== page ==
So, what are the applications for medicine? They are practically endless! Academic classes, surgery broadcasting, Parkinson’s rehabilitation, Autism spectrum disorder therapy, augmented vision, anatomy atlases, and even radiation detection. Physicians are constantly discovering new and exciting ways to implement Augmented Reality into medicine. AR program developers are being called to develop novel technologies and applications for AR, and headset manufacturers are working to develop innovative, light-weight headsets. Microsoft’s HoloLens is on the cutting edge of this curve, but other companies are hoping to catch up, including Apple and Google. We anticipate that one or more of these headsets will hit the market soon; and when they do, we believe they will be met with great reviews!


Mixed Reality

Our final topic of discussion for this review is Mixed reality (MR). MR combines the best of both AR and VR into a single, marketable, easy to approach technology. MR will allow the user to work in a real setting using the physical environment that surrounds them, much like AR. The 3D virtual image that appears will be interactive, appearing and behaving as it would in reality, and is constrained by its physical environment in a way that AR is not. MR is anchored to physical objects.  Think of a 3D beating heart that you can rotate and view as it is beating to see how it works.  The INSIGHT Heart App we reviewed earlier is one example of this.

With mixed reality, you get to bring a virtual workspace (or gamespace) into your real-world environment.  You might be looking at an ordinary table in your real workspace, but with MR, you can anchor in an interactive virtual image from a CT Scan 3D Rebuild, or even a holographic patient to examine with Holoportation.

You can walk around it and move closer and farther away from it. The concept is nothing short of amazing. While many products are being developed, we still expect to have to wait a bit longer for commercial versions. However, we’re sure that they will be worth the wait!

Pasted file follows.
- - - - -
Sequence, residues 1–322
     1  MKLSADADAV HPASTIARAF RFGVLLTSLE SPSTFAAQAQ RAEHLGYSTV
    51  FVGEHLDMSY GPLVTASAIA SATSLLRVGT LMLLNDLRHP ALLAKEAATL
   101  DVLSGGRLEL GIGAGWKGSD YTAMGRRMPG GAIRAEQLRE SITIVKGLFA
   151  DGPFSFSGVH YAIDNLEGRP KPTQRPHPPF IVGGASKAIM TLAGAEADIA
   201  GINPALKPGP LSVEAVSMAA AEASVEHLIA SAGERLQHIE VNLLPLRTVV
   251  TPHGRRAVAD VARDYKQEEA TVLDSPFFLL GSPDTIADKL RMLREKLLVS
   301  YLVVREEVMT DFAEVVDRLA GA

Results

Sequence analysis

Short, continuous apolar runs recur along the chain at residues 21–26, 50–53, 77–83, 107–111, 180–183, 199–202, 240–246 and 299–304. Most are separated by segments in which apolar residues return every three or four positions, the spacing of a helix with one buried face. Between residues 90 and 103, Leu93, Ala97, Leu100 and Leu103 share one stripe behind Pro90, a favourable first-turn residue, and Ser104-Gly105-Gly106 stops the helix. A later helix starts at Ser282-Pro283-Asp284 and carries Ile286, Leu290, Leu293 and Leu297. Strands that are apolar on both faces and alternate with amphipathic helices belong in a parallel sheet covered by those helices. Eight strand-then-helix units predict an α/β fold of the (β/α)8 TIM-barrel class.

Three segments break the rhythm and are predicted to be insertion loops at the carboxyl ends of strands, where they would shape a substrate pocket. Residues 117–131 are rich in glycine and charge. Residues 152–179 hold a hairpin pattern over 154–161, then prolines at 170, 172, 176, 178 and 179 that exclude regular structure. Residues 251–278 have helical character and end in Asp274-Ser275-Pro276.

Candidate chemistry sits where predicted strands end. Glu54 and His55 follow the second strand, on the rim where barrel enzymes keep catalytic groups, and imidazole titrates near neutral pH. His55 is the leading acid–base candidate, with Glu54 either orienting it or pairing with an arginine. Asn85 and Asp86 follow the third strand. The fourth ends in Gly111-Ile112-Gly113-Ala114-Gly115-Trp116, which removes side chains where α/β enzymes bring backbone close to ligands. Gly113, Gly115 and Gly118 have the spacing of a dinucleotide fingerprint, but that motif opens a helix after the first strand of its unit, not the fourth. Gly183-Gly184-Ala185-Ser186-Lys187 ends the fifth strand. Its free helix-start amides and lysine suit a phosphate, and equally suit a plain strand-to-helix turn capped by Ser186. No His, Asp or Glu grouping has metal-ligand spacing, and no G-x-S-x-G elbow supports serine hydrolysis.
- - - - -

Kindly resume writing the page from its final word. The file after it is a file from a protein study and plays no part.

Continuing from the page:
There is a debate about the difference between AR and MR, and which techniques or developments belong to augmented reality and which belong to mixed reality. The lines between them are often blurred, since the technologies are so similar, and those lines will likely change depending on who you talk to.  ARinMed expects both terms to be interchangeable for quite some time, and we generally refer to both AR and MR under an umbrella term of Augmented Reality.

However, we want our readers to be aware that both terms are being used in the field of this technology, and to be able to recognize the differences between the two is currently not entirely important. What does matter is that both AR and MR have unlimited potential in the medical field!


Let us hear your thoughts, opinions and ideas in the comments section!


  1. […] It goes without saying that this is a delicate procedure. The eye is a sensitive, fragile area! However, it’s one of the most frequently used procedures in ophthalmology, and training for it is therefore imperative. With this in mind, researchers from the Universiti Malaysia Perlis and the Department of Ophthalmology from Hospital Tuanku Fauziah, both located in Perlis, Malaysia, have designed a new and exciting augmented/mixed reality training for the procedure, called the Phacoemulsification Cataract Surgery Training Simulator. (Reminder: If you would like to review the differences between Virtual and Augmented Reality you can do it HERE.) […]